The U.S. had 3.2 million farmers, the 2017 Census of Agriculture said
By Diego Flammini
People celebrated farmers Monday as part of National Farmer’s Day.
The day used to be known as Old Farmer’s Day and records indicate people participated in events honoring farmers as far back as the 1800s.
Modern day celebrations take place on Oct. 12 each year because the day falls within harvest.
On social media, the hashtag #NationalFarmersDay trended as people from the ag and other sectors took a moment to say thank you to farmers.
Millions of farmers produce food for their neighbors and the world.
The 2017 Census of Agriculture found the United States is home to about 3.2 million producers who farmed on more than 2 million farms encompassing more than 900 million acres of land.
These farmers also contribute to a healthy economy.
In 2019, the U.S. ag industry contributed $1.109 trillion, or about 5.2 percent, to the U.S. GDP.
For context, Switzerland’s whole GDP in 2020 was about US$750 billion.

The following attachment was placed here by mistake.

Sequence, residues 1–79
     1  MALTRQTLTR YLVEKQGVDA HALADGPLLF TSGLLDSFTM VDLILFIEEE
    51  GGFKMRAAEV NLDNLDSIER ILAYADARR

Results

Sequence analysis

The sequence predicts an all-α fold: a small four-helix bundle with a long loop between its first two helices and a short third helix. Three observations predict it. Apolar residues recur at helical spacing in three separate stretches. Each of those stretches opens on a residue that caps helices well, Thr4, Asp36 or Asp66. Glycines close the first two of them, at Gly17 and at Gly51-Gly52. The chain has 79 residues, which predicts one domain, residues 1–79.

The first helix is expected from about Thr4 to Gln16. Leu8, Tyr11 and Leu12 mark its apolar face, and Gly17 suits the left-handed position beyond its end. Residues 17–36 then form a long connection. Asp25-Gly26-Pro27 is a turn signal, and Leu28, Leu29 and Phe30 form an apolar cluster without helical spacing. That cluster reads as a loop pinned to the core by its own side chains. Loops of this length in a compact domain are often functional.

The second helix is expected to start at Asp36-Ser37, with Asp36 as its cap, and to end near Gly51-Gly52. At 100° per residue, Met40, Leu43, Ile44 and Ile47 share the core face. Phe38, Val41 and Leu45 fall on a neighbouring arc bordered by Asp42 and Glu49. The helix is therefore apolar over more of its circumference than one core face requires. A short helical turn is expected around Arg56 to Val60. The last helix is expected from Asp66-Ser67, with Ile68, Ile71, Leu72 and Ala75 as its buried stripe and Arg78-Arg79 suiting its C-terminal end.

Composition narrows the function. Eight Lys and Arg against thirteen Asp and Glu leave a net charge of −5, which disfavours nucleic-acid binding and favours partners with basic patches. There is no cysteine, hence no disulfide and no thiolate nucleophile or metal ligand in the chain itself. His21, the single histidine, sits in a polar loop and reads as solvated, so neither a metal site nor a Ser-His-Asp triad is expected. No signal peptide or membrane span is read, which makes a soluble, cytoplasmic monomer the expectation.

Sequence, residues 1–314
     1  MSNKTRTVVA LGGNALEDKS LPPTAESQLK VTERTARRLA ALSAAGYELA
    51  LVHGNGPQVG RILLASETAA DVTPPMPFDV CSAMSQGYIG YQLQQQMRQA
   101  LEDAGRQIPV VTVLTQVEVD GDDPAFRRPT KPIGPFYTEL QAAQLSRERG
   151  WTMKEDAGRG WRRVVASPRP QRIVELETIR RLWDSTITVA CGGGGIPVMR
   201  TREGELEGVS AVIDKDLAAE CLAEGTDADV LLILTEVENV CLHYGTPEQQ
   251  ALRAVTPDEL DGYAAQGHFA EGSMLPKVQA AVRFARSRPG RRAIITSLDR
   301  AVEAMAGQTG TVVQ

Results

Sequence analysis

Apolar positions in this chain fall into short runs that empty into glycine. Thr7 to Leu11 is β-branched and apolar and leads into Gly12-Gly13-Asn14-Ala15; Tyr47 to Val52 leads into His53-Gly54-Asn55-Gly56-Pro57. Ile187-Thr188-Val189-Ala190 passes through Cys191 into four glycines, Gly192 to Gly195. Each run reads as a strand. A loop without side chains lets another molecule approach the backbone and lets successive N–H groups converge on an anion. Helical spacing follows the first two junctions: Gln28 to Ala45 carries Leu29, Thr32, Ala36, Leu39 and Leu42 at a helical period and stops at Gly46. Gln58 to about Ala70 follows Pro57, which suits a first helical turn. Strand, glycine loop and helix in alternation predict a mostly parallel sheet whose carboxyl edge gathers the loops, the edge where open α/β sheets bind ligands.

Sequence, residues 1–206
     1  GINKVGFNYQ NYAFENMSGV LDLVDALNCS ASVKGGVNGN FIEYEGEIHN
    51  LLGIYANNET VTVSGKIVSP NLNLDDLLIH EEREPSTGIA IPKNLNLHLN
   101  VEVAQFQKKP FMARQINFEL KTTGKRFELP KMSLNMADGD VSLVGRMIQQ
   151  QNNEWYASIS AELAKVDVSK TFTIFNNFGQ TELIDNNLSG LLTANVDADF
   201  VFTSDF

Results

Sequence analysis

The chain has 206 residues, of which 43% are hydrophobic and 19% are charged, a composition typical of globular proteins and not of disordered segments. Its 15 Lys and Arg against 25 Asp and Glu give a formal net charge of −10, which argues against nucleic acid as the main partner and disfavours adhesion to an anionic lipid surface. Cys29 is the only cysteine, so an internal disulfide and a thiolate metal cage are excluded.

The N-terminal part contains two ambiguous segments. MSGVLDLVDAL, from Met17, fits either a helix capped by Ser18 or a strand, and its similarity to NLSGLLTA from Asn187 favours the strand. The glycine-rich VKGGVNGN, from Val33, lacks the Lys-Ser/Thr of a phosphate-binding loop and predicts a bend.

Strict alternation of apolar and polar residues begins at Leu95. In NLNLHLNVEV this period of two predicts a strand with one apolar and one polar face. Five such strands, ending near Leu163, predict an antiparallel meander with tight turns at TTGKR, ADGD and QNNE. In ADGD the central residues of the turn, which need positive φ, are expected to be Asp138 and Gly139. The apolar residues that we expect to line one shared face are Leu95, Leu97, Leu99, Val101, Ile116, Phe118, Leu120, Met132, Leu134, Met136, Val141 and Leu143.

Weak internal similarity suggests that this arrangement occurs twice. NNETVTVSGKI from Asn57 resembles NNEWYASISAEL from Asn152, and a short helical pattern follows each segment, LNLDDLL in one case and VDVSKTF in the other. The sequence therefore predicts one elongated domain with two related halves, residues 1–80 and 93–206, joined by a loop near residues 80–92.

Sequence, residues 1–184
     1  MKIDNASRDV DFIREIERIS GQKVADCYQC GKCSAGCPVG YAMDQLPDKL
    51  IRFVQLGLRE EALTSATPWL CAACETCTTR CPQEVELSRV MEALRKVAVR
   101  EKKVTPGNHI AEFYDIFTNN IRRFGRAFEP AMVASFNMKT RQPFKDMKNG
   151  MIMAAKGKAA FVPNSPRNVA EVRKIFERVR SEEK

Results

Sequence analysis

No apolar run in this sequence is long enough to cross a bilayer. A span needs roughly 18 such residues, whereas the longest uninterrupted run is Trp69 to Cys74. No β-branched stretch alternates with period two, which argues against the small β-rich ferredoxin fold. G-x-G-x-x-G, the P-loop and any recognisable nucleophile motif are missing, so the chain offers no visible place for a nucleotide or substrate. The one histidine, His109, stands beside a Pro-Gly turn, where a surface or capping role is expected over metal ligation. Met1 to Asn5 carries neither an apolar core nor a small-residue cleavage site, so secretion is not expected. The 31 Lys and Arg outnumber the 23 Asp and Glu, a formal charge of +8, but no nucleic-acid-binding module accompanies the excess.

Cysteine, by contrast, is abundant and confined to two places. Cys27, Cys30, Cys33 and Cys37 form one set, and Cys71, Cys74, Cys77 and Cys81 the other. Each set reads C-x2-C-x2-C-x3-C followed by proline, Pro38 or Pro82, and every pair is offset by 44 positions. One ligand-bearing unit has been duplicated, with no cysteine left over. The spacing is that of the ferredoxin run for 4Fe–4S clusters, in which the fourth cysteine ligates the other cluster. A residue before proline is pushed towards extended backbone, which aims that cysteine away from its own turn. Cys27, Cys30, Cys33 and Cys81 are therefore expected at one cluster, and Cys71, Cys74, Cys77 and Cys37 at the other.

Farmers and the agriculture sector are also responsible for significant employment across the country.
In 2020, the industry provided 19.7 million jobs, or about 10.3 percent of total U.S. employment.
For comparison, Canada’s total workforce in September 2021 was around 19 million people.
In addition to growing food, farmers have been known to develop solutions for farm challenges.
In 1831, for example, Cyrus McCormick invented the first horse-drawn machine capable to harvest wheat.
In 1948, Frank Zybach, a farmer from Strasburg, Colo., invented the center pivot irrigation machine.
And in 1984, Ardon Herman, a producer from Brinsmade, N.D., developed the Diamond Disk blade to reduce breakages because of rocks.
Farms.com would like to wish fall farmers a happy National Farmer’s Day and thank them for their tireless efforts to raise crops and livestock.